The airplane came to rest upright, approximately 4,000 feet down the runway, and about 500 feet right of the centerline. All three landing gear were fracture-separated from the airplane during the accident sequence; both the left and right main landing gear chromed struts had fracture-separated, which liberated the two main wheel and tire assemblies from the airplane. The final resting locations of the various separated components were not documented. According to responding personnel, the airplane left one or more partial or complete skidmarks that began near the runway centerline, and terminated at the edge of the runway. The skidmarks were not sufficiently documented to enable positive association with specific landing gear tires. The conditions of, and damage signatures to, the three landing gear tires were not documented in detail. According to the pilot, the LMLG was the portion of the airplane that struck the runway sign, but no evidence to either support or refute that recollection was obtained. Damage patterns to the propeller blades were approximately symmetric with regard to the left and right propeller blade sets, with the left engine blade set exhibiting slightly more damage. Both blade sets had gouges and scraping consistent with pavement contact, and both blade sets exhibited aft bending and curling of their outboard (tip) sections.

The two links of the right main landing gear torque link (sometimes referred to as "scissor link") assembly remained attached to one another. The lower link remained attached to the wheel assembly, and the upper link was fracture-separated from the upper landing gear structure.

The two links of the left torque link assembly were found separated from each other. The lower link remained attached to the wheel assembly, and the upper link had fracture-separated from the upper landing gear structure. Normally, the two lugs of the lower link mated with a tab on the upper link in a clevis-type arrangement, and the two links were attached with a bushing, a bolt, a washer, a castellated nut, and a cotter key. One of the lugs on the lower link was bent about 25 degrees laterally away from the link axis. Despite a dedicated search, neither the bolt nor any of the other attach hardware was found at the accident site. The pilot asserted that the bolt had backed out because the cotter key was never installed in the nut by the mechanics that repaired the LMLG 7 months prior to the accident.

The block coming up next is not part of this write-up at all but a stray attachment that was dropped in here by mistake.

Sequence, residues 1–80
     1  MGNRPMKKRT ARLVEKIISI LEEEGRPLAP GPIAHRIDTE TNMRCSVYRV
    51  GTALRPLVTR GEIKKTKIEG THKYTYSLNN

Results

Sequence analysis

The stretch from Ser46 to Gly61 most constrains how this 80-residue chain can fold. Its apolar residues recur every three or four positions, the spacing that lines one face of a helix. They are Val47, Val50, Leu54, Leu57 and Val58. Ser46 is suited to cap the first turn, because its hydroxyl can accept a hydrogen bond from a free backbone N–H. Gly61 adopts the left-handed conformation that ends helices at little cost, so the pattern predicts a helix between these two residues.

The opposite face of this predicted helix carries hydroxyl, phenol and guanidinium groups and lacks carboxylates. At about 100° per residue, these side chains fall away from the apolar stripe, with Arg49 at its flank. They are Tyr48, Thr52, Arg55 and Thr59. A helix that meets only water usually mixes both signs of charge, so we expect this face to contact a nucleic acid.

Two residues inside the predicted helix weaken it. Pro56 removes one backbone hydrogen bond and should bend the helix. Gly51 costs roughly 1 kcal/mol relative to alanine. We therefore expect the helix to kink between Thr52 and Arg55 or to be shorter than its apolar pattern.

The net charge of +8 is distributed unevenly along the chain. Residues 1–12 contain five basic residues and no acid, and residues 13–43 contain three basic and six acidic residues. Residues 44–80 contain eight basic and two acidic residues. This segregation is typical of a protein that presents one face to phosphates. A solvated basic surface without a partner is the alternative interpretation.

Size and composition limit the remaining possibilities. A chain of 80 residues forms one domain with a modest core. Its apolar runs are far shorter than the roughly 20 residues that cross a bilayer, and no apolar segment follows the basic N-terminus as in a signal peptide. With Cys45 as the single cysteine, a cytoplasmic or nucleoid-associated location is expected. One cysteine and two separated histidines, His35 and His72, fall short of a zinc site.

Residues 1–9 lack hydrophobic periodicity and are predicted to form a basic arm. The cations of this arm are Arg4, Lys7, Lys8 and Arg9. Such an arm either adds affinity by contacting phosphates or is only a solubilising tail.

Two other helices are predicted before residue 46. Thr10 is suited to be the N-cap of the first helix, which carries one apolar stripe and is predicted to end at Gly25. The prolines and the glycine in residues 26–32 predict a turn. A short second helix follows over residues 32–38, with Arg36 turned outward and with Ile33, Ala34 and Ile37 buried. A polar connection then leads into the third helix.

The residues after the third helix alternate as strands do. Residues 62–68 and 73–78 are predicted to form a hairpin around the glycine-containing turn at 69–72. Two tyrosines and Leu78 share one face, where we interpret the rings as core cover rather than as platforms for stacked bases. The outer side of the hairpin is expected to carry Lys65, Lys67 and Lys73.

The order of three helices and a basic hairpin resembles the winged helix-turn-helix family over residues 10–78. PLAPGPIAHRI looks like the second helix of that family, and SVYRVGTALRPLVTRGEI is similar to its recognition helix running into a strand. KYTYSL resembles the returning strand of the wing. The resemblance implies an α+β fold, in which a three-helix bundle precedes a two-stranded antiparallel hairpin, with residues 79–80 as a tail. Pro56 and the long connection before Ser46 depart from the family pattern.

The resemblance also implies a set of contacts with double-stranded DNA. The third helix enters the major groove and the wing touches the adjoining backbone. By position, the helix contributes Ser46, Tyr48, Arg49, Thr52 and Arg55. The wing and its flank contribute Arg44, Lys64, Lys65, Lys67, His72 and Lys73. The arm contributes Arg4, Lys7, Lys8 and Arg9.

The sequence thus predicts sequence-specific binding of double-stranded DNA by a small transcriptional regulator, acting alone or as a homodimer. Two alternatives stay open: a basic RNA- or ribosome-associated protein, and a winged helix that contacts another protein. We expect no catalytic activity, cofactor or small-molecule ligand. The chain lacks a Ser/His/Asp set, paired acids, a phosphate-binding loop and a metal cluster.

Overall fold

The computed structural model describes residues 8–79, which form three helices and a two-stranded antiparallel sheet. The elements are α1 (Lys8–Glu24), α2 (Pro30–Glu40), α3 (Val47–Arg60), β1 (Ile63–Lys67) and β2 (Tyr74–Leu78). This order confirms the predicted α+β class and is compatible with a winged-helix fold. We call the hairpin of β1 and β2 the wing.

The pilot provided the following explanation regarding the direction of the veeroff:

"Some would ask why the plane went off the runway to the right, with the left wheel dragging behind; and I would answer that in my effort to keep the plane rolling straight I was applying full right rudder intermittently back and forth and as the swerving got worse I believe I tried the right brake and the plane took off in that direction and I couldn't straighten it out."

Review of the airplane dimensions and geometry indicated that with a failed LMLG strut, it was possible but not likely for the left wing to support the airplane in such a manner that the LMLG strut (without a wheel/tire) would not contact the ground. Factors that affected whether the strut would contact the ground included, but were not limited to: nose and RMLG strut compression, wing flex and/or damage, LMLG strut fracture location, and airplane attitude (nose or tail low).


Preflight Inspection Information

FAA regulations and standard operating practices dictate that a thorough preflight inspection of an aircraft be conducted prior to every flight. Preflight inspections are usually conducted by the pilot of a given flight. Typical preflight inspections address multiple aspects of the main components of all flight-critical systems, and include visual and functional checks as appropriate.